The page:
Once the largest of its kind in the world, the Seaport World Trade Centre served as a busy trade platform and Port of Entry for immigrants into The Land of Milk and Honey.
Although, the Seaport building’s heyday is long gone, paradoxically, through many years the derelict structure has served as a backdrop to the lively activity along the Boston waterfront. Yet, to this day, it has remained a passive observer, a shadow of its former self.
Despite its neglect, the building’s quality as a testament to the passage of time and as an impressive architectonic achievement makes it highly suitable for transformation. It is a physical structure which already exists on the citizens’ mental map of their city. A place that has the potential to bridge the past with the present and anchor the development of the premises in a historical context. Using adaptive transformation is a sustainable means to both preserve and reactivate an important piece of Bostonian and American history.
The approach of adaptive transformation assesses the building’s heritage and structural qualities and is based on the belief that the most architectural significant statement is often made through what is left untouched or enhanced.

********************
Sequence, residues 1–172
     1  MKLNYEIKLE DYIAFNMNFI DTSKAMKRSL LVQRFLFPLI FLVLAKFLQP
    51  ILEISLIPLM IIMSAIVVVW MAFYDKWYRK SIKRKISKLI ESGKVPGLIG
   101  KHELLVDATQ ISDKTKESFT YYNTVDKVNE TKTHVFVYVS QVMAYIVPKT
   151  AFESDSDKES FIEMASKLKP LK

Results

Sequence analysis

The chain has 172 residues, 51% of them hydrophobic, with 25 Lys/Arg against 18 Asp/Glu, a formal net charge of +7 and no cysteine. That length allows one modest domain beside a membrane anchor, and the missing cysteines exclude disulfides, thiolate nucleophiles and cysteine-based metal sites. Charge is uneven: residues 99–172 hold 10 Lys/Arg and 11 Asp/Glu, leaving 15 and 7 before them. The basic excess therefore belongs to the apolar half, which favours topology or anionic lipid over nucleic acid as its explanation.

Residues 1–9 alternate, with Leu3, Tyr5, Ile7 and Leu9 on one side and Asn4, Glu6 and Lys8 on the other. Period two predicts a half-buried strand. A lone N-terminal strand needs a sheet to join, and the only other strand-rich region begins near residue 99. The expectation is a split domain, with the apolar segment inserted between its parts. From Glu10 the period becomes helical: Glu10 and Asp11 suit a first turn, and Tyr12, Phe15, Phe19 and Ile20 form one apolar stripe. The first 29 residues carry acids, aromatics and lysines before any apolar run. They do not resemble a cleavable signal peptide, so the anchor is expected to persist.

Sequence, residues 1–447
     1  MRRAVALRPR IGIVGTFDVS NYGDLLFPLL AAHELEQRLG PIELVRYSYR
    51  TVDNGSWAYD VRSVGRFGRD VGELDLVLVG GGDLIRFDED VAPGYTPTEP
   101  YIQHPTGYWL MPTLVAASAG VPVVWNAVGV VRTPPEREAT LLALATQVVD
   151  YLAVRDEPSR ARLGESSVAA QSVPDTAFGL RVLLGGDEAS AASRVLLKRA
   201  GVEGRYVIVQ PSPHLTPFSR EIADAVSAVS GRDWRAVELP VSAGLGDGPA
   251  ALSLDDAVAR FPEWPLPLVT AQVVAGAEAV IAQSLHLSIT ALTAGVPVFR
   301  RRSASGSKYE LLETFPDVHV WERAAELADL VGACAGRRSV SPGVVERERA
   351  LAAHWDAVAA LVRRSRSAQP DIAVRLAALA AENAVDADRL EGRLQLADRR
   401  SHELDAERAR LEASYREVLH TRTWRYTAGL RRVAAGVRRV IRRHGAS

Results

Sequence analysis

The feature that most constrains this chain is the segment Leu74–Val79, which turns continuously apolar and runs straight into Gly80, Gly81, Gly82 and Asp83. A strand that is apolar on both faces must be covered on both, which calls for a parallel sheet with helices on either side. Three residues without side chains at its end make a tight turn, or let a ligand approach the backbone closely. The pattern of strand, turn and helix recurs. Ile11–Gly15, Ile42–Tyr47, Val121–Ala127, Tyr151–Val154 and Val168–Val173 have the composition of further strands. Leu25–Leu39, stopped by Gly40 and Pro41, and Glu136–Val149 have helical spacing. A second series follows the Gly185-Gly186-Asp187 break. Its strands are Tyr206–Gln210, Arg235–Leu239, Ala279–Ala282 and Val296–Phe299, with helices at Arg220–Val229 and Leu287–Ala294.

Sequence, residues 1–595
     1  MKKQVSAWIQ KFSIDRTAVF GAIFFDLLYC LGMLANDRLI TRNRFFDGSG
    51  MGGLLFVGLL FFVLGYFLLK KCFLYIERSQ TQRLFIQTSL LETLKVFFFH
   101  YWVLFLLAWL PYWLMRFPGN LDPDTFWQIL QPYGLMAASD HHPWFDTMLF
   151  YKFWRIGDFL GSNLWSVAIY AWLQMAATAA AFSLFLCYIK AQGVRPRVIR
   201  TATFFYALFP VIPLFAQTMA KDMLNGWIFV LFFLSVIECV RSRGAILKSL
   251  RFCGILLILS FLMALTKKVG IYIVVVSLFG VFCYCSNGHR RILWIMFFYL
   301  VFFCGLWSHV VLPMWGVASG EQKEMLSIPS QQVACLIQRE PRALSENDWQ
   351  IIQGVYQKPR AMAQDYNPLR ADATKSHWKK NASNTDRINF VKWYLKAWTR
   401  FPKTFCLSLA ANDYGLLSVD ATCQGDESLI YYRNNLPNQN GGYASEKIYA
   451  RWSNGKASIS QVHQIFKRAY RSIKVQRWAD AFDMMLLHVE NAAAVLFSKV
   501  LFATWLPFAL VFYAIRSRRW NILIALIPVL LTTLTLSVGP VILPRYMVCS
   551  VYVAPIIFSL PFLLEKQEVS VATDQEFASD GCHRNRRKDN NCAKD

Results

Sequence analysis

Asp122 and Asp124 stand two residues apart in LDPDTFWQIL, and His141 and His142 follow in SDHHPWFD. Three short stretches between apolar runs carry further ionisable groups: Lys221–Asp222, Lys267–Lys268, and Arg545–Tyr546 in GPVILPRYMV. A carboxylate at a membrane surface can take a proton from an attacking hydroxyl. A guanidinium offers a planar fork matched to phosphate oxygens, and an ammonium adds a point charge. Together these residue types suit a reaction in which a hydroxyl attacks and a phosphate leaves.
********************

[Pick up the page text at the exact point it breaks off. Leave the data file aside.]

By 2024, the Seaport building and surrounding urban spaces will be revitalised as the Commonwealth Pier – a vibrant mixed-use destination, featuring modern flexible office spaces, exhibition and event venues, outward-facing amenities like cafés, restaurants, and shops. The development will also include a grand public plaza, green urban space, and an enriched harbour walk experience.
To ensure that the pier can be enjoyed by generations to come, the transformation of it incorporates advanced design strategies for resilience and sustainability. What was until recently considered a languishing relic of the past will see itself transformed to a future resilient and adaptable destination for the citizens of Boston.